Should You Buy the Rally in Baytex Energy Corp. or Cameco Corp.?

Baytex Energy Corp. (TSX:BTE)(NYSE:BTE) and Cameco Corp. (TSX:CCO)(NYSE:CCJ) are trading at 12-month highs. Is this the right time to buy?

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Baytex Energy Corp. (TSX:BTE)(NYSE:BTE) and Cameco Corp. (TSX:CCO)(NYSE:CCJ) are trading at 12-month highs, and investors are wondering if more gains could be on the way for these long-suffering stocks.

Let’s take a look at the current situation to see if Baytex and Cameco deserve to be in your portfolio.


Baytex has surged from close to $3 per share in early March to $6. That’s an impressive move over such a short period of time, and the investors who had the foresight to get in at the recent lows are certainly patting themselves on the back today.

Drastic moves have been the name of the game for Baytex over the past two years. The stock bottomed out around $2 in early 2016 and has pretty much surged or tanked continuously since then on any signal in the market that oil could jump higher or reverse course.

The volatility is essentially due to the company’s debt level. When oil moves higher, investors feel more comfortable that Baytex can generate enough cash flow to chip away at the debt and boost the capital plan. The recent move in WTI oil above US$70 per barrel is certainly positive, and further gains could send Baytex even higher. The company has avoided a fire sale of its prized assets and has even estimated its net asset value to be above $9 per share at much lower oil prices.

Going back to the summer of 2014, Baytex was a $48 stock, so long-term investors might not be overly impressed with the recent move. However, the historical price is also an indication of how much upside potential there is if Baytex can find a way to wipe out its debt and significantly increase production.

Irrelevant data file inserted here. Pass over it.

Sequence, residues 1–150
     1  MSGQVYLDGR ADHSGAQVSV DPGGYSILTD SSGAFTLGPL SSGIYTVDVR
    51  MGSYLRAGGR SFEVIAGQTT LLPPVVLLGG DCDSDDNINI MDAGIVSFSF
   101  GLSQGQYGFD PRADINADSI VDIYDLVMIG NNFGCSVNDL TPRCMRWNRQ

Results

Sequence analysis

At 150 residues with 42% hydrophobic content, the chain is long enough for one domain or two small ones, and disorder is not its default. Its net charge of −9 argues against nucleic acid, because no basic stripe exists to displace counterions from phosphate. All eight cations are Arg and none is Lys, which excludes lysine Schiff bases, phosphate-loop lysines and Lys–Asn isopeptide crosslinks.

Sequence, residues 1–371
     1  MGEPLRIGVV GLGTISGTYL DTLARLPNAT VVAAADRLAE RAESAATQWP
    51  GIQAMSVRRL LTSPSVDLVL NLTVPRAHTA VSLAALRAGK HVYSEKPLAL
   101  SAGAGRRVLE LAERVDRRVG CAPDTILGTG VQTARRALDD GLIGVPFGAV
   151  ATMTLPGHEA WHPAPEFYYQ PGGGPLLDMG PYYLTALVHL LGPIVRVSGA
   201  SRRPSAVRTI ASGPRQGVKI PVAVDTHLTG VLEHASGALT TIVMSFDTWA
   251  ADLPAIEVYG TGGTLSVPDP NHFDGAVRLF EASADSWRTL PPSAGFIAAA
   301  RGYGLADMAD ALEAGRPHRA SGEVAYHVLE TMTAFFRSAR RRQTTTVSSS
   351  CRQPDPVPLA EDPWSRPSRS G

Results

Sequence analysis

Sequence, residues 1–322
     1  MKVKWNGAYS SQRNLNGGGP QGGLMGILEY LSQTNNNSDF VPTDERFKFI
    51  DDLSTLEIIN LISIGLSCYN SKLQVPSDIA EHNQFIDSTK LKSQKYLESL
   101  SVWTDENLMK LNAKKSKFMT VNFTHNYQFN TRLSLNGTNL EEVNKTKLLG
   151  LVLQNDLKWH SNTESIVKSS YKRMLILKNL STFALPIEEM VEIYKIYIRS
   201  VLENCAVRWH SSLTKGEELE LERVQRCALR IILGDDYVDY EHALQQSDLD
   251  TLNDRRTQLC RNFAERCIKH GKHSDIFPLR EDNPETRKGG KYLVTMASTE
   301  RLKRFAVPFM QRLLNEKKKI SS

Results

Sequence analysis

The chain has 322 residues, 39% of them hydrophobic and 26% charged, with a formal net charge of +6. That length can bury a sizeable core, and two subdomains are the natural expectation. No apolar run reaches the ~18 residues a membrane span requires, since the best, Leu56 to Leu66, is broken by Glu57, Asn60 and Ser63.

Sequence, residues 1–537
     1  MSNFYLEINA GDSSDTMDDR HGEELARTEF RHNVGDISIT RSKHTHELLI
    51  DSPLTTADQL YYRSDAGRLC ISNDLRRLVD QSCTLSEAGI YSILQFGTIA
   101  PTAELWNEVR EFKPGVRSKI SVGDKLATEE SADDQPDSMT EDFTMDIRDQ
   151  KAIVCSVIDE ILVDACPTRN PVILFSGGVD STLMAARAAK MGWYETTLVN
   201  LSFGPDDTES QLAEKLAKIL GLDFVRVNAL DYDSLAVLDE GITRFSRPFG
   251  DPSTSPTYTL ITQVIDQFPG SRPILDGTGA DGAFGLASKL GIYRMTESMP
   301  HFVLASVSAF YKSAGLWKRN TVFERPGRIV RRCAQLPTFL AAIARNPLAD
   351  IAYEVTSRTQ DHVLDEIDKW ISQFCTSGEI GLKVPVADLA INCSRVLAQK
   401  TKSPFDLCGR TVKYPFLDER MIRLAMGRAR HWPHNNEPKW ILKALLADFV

Cameco’s 35% surge in the past three months is a bit of a surprise. The company continues to struggle with low uranium prices, and there is little evidence to suggest the market is on the verge of a recovery.

At the time of writing, uranium spot prices are trending around US$22 per pound, which isn’t too far off the multi-year lows. To put things in perspective, uranium traded for US$70 per pound in early 2011, right before the tsunami hit Japan.

The Fukushima nuclear disaster forced Japan to close all of its nuclear reactors, and while the country is working hard to get the fleet back in service, progress is slow. According to a March report by World Nuclear News, seven of the country’s 42 operable reactors have received restart clearance.

Fans of Cameco say the stock could be a tightly coiled spring just waiting for the tide to turn in the uranium market. It’s true that annual uranium demand is expected to increase as much as 50% through 2030, and production cuts across the industry should eventually shift the supply balance.

For the moment, however, secondary supplies are filling demand gaps, and utilities are not rushing to sign up for new long-term supply agreements.

Cameco is also caught up in a battle with the Canada Revenue Agency (CRA) over taxes owed on earnings generated by a foreign subsidiary. If the company loses the case, the hit could be north of $2 billion.

Cameco’s annual guidance remained unchanged when it reported Q1 results, and there was no indication in the statement to indicate the uranium market is turning the corner.

Should you buy?

Both stocks continue to carry risk, so I wouldn’t back up the truck for either one.

That said, contrarian investors who think the oil recovery has legs might want to start a small position in Baytex.

Regarding Cameco, the recent rally might be connected to geopolitical noise or some short covering, but I wouldn’t chase it at this point. There simply isn’t any fundamental reason for buying the stock today, and a negative decision on the CRA case could send the share price back to the 2017 low.

This article represents the opinion of the writer, who may disagree with the “official” recommendation position of a Motley Fool premium service or advisor. We’re Motley! Questioning an investing thesis — even one of our own — helps us all think critically about investing and make decisions that help us become smarter, happier, and richer, so we sometimes publish articles that may not be in line with recommendations, rankings or other content.

Fool contributor Andrew Walker has no position in any stock mentioned.

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